The Wife of Bath
The Wife of Bath.
Unlike the 21st century, the Roman Catholic Church in the medieval time played a greater role in many peoples’ lives. The church not only implemented but also enforced many laws that were strict and unpractical in today’s world. Sexual practices, for instance, was one major issue controlled by the church. Sex as lust or pleasure was considered a sinful adherence to the body and to the material and profane world. It was merely to be used in procreation and only through marriage. The church also advocated virginity and chastity as the only way one could worship God with great perfection. Those that went against these laws were regarded as sinners in the eyes of God and therefore the society looked down upon them. The Wife of Bath, introduced by Geoffrey Chaucer in the Canterbury Tales, was one of the people who defied the traditional church views. Her attitudes toward sex upheld lust and pleasure while discouraging virginity. For the most part she used sex to exploit men and hence in modern sense does not enhance life and happiness.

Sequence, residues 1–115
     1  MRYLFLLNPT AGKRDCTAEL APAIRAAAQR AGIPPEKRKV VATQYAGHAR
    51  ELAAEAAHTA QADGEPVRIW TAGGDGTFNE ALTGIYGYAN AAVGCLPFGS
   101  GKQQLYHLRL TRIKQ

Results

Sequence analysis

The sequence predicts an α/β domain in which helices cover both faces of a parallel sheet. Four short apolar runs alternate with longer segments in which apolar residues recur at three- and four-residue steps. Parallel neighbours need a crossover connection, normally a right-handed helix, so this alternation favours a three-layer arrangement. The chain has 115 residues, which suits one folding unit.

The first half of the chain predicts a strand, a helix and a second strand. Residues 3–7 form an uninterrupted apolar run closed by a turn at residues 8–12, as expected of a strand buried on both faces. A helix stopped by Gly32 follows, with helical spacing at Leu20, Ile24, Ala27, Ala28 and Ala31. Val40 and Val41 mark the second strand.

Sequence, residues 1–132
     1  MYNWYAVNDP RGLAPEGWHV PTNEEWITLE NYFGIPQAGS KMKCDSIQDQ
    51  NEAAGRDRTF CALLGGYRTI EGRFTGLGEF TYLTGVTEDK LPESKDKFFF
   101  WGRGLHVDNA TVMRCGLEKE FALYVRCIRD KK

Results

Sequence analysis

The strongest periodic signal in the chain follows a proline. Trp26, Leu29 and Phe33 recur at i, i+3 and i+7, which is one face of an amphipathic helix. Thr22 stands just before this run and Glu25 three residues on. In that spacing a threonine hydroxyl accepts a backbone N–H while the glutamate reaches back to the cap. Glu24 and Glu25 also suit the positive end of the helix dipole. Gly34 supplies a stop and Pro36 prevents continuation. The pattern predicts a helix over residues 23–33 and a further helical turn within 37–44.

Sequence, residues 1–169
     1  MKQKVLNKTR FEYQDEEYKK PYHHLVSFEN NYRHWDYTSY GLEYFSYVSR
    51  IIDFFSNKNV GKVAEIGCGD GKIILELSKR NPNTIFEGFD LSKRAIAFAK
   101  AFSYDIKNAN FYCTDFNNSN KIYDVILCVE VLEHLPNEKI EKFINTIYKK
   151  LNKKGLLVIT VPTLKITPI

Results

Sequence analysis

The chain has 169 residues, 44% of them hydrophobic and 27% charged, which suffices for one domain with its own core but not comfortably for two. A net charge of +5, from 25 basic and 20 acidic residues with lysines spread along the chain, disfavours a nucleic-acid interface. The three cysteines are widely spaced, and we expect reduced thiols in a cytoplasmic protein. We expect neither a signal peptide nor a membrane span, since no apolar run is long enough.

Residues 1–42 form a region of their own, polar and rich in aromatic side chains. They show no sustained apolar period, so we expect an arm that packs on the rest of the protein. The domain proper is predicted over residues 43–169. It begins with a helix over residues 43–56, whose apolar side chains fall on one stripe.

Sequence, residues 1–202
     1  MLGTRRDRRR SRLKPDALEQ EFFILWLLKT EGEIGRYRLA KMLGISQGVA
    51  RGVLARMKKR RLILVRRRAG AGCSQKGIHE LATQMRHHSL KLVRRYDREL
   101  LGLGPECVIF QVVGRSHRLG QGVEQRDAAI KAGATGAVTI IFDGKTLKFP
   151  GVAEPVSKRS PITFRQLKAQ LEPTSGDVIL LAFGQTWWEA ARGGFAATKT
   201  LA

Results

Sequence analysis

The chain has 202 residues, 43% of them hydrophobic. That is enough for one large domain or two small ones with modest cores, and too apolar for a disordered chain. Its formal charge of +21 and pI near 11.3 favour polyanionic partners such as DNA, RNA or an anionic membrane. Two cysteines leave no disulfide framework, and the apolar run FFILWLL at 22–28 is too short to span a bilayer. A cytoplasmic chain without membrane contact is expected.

The wife of Bath was a lustful woman who loved attention and was not afraid to say what other women would not. In this aspect she was strong because she had the courage to challenge the male dominated medieval world and church. She was a widow who had been married five times before and for that she considered herself full of experience and thus authority. She often boasted that she loved and enjoyed sex. As a way to make sure she satisfied her big sexual appetite she got married every time she got widowed. Though she defied the church, the wife of Bath was clever enough to cover up some of her behavior. In lines 57 and 58 she said “To marry is no sin, as we can learn from him; better to marry than to burn within.” By legalizing her lustful sexual practices she avoided adultery and thus tried to stay within the realm of some church laws. The church however, without being very specific disfavored women getting married more than once. The wife of Bath knew this and thus defended her position by pointing out the fact that nowhere in the bible a specific number (how many times a woman is to be married) was mentioned. She supports this argument by mentioning King Dan Solomon, Abraham and Jacob, all of which had multiple wives (lines, 35, 61, 62).